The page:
Dealing with the end of a friendship can be hard. Read How to Deal with the End of a Friendship Part 2.

In early July I wrote about dealing with the end of a friendship in my life.

In a nutshell, one of my best friends decided not to be my best friend anymore. If you didn’t catch this earlier post, you can read it now – How to Deal with the End of a Friendship.

Getting over a breakup is never easy, regardless of whether you were best friends or lovers in an intimate relationship.

So how am I doing now? I am doing pretty damn well.

If you are going through a similar situation here are my tips on how to deal with the end of a friendship.

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Let go of the anger

The anger has subsided. This experience made me realize that sometimes people stay angry as a coping mechanism.

On some level, anger seems easier to cope with than sadness and loss, however, holding onto anger is never a good option.

I saw firsthand what it did to my Dad after my Mum left him and I personally would not recommend it. It’s horrible. It eats away at a person from the inside out, leaving them an empty shell.

Anger takes over and makes you bitter and twisted (or twitter and bisted as I once told a friend after a few too many wines). All jokes aside, anger is not pretty. It’s ugly so don’t let it take over your life.

Understand that staying angry is a choice. You can choose to let the anger go.

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Let the blame go

The other thing to let go of is blame. I think this is another reason why people choose to stay angry.

When you’re angry with someone, it’s easier to blame them for everything that went wrong (without having to think about the role you played in things falling apart).

If you need additional help dealing with the loss of a friendship, these books can help – 


Don’t over-analyze everything to death

In past relationships, I was all about over-analyzing. To be quite frank – I’m over it.

As I mentioned in my first post, I’m sick of crying over people who aren’t crying over me.

While I appreciate that taking time out to reflect on your relationship is healthy there is also a point where you can over-analyze.

Related postHow to Stop Obsessing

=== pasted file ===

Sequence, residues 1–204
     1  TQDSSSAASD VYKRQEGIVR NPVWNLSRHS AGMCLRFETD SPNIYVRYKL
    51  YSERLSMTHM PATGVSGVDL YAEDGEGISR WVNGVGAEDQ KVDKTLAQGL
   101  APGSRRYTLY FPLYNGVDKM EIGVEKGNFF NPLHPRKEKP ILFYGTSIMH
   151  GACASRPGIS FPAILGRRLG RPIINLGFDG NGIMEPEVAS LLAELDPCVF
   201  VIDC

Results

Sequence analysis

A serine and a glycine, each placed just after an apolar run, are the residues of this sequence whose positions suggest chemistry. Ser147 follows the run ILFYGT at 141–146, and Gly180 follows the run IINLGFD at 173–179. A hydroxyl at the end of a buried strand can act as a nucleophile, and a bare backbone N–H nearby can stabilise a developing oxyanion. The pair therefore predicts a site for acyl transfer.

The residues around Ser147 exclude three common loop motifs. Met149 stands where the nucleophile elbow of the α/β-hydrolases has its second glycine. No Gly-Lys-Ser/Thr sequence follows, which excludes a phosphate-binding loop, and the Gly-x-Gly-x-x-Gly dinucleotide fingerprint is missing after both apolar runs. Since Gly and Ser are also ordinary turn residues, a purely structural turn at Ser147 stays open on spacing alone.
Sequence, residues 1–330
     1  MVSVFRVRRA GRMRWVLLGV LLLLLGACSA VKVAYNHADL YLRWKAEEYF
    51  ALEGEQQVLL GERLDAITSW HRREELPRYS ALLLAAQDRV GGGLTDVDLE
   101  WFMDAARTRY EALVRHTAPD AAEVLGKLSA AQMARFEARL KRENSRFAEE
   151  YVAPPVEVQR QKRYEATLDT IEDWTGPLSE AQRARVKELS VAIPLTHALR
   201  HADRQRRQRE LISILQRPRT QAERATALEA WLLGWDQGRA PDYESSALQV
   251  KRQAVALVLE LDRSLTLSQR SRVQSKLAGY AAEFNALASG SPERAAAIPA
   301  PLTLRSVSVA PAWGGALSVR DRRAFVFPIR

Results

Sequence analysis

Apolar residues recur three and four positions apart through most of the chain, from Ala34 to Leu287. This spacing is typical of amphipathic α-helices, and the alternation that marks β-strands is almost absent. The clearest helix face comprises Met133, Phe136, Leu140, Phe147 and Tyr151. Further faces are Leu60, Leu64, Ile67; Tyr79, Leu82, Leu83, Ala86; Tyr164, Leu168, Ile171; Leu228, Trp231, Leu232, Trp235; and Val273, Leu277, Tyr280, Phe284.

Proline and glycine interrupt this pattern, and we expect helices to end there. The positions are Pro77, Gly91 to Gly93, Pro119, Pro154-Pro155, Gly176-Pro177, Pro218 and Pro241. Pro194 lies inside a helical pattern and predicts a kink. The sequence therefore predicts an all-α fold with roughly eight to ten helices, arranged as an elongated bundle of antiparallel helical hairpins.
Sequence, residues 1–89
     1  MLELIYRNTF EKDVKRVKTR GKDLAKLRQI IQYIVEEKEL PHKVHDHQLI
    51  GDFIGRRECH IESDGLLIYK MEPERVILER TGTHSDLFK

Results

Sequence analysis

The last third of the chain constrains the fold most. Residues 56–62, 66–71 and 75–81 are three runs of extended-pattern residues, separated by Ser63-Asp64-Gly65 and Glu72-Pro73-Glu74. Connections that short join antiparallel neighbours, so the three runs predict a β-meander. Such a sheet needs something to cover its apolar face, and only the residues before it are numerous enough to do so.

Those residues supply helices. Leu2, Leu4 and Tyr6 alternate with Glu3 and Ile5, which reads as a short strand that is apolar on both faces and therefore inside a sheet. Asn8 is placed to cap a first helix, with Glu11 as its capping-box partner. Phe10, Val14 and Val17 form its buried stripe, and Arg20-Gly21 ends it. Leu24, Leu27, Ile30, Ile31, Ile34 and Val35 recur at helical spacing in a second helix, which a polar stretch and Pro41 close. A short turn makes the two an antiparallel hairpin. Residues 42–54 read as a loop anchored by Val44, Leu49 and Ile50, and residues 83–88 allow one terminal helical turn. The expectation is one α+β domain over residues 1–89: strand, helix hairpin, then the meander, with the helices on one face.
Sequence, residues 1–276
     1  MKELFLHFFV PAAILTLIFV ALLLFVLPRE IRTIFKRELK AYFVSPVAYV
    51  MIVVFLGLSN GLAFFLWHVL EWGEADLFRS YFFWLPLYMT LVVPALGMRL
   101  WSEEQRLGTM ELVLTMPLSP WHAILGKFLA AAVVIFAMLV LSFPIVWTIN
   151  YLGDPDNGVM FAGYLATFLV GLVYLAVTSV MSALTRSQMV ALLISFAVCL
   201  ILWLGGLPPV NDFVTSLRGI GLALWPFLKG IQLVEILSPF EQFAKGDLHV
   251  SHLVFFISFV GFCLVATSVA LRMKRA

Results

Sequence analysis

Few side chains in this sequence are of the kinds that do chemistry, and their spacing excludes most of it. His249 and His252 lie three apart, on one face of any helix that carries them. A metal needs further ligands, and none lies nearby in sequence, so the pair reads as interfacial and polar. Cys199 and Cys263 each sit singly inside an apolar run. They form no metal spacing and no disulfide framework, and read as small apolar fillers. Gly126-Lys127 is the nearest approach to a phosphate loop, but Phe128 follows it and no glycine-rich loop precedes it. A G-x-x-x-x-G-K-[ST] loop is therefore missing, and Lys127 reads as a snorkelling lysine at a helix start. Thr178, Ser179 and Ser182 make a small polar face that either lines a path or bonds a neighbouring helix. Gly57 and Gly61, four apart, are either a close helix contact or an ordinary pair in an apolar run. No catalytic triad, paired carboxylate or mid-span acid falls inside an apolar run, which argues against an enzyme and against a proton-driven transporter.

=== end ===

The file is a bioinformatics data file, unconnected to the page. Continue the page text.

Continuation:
No contact

The key thing (and I can’t stress this enough) is NO CONTACT.

This means not seeing them, no texting, no Facebook, definitely no Facebook stalking (even the nice kind), no driving by their house, and no late-night phone calls. No telling them you miss them. Period.

The reason I am so adamant about the no-contact rule is that I have broken it in the past.

I have sent the lonely ‘I miss you’ text only to feel even more miserable after sending it. Even if they do respond, you generally feel terrible.

You might even get to see them again, get to hang out – then the same problems that broke the relationship in the first place reappear (and they will), you part ways again and you feel even worse than when you started (which you didn’t think was possible).


Focus on you

If you have broken up with someone lately (or they broke up with you) right now is the time to focus on other aspects of your life – whether it’s family, career, or friends.

Focus on what is important to you.

Now could be an excellent time to focus on nurturing your other relationships. Here are some books that can help strengthen your friendships.

Moving on

Now I am all about moving on. For me, it’s about having fun and enjoying life.

Are you dealing with the end of a friendship or going through a breakup? Where are you currently at with your healing process?

Stay strong and believe in yourself. Focus on all of the wonderful people and things you currently have in your life and forget about the one who walked away.

If you enjoyed this post, please share it with your friends on social media – it might really help one of them today.

Read Next – 20 Ways to Show Genuine Interest in People’s Lives